Recent changes in the evidential requirements in indirect sex and race discrimination cases.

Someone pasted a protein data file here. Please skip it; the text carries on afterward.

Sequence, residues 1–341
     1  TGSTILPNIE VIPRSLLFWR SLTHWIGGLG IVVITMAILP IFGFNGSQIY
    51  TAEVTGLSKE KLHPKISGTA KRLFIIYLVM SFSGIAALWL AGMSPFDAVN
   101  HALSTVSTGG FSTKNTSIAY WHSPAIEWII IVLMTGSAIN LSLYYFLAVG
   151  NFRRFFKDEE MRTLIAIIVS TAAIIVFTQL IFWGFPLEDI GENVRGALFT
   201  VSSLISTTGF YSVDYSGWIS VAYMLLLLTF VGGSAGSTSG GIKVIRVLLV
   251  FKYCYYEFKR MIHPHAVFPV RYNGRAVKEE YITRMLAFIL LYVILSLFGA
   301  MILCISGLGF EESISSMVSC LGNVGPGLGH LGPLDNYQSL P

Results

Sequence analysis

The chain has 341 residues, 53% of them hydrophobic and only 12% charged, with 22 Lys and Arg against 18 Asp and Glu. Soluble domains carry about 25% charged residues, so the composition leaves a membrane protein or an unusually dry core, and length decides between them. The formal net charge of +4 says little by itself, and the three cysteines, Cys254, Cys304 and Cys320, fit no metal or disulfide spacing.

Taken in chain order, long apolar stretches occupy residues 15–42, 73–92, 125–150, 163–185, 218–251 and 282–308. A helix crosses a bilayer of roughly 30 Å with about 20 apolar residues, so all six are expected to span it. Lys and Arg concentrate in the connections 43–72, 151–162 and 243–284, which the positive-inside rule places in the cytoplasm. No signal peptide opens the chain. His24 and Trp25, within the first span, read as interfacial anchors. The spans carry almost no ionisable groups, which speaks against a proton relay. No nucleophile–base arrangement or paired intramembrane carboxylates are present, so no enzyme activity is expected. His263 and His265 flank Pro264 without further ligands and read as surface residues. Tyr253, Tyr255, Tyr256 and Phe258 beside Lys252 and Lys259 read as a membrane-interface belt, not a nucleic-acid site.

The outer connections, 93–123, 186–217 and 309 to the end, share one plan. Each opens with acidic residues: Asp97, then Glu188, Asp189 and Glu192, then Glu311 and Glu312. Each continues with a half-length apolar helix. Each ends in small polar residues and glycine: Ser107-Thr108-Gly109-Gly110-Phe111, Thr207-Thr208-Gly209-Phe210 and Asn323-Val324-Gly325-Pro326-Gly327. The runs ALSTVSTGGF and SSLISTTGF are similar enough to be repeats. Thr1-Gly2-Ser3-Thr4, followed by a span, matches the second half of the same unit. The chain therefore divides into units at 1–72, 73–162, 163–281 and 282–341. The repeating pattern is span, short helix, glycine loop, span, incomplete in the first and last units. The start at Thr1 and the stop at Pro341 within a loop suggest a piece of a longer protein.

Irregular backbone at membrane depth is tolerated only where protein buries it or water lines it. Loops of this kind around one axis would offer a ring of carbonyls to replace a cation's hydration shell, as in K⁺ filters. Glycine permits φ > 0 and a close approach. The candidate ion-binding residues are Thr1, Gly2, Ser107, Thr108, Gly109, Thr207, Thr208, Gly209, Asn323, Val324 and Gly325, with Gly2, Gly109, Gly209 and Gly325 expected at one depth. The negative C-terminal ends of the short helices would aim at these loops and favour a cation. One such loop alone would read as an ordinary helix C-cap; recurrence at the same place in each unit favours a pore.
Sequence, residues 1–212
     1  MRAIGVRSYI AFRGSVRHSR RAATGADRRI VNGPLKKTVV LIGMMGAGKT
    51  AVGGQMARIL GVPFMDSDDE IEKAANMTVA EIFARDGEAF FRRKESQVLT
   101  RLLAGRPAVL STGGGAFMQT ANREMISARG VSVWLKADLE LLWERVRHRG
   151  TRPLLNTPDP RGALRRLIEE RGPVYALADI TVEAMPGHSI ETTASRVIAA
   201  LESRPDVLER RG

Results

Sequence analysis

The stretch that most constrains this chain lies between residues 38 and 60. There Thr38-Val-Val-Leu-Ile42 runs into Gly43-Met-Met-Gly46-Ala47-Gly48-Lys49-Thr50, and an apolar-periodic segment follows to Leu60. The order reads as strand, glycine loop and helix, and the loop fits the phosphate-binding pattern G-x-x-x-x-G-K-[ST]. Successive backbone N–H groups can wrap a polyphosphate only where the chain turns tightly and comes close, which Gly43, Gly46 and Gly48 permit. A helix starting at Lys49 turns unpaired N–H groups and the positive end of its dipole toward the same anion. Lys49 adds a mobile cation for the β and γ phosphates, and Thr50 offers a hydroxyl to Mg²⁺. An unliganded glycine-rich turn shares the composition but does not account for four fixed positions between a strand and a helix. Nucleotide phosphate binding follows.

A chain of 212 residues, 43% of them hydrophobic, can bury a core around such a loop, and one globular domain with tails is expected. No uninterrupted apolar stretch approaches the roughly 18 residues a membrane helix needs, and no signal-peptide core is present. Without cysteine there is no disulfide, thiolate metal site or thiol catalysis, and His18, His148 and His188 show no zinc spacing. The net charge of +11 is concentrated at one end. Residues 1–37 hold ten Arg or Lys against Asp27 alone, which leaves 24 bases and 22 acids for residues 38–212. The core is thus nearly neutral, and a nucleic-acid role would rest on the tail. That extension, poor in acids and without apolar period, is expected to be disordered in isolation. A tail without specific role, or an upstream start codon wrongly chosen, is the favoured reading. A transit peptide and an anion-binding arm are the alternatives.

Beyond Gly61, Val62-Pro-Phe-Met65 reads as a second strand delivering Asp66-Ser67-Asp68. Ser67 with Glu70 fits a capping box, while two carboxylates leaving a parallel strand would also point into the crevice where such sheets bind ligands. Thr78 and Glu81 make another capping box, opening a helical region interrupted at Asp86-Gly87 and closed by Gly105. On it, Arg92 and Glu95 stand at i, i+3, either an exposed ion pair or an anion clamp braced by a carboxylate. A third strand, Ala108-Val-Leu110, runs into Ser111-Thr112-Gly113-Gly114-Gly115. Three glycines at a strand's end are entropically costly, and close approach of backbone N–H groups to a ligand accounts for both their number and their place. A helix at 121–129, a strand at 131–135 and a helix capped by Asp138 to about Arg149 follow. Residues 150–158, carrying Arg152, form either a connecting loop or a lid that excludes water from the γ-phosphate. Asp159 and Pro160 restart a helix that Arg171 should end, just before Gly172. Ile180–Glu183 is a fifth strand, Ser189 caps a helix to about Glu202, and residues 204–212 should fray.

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Purpose – The purpose of this paper is to critically analyse the impact of recent case law on the various evidential requirements in the area of indirect sex and indirect race discrimination in employment. It is intended to distil from the case law a comprehensive summary of the evidential requirements which an applicant in such a case must meet in order to succeed. Design/methodology/approach – The evidential issues and the requirements to be fulfilled by an applicant in such cases will be identified and analysed by means of a review of the case law in this area. Findings – Despite attempts of the courts to clarify the evidential requirements in this type of case, the law in this area remains complicated and confusing. Close analysis of the case law results in the identification and clarification of particular evidential “hurdles” which an applicant must clear in order to succeed. Originality/value – The effect of these requirements results in a burden on an applicant in a case of indirect discrimination which is difficult to meet and the identification and clarification of the main issues will allow an applicant to focus on these requirements and increase the chances of a successful outcome. In this way the protection afforded by the law on indirect discrimination will become more effective. The findings are also useful in explaining to managers the nature and impact of the case law in this area.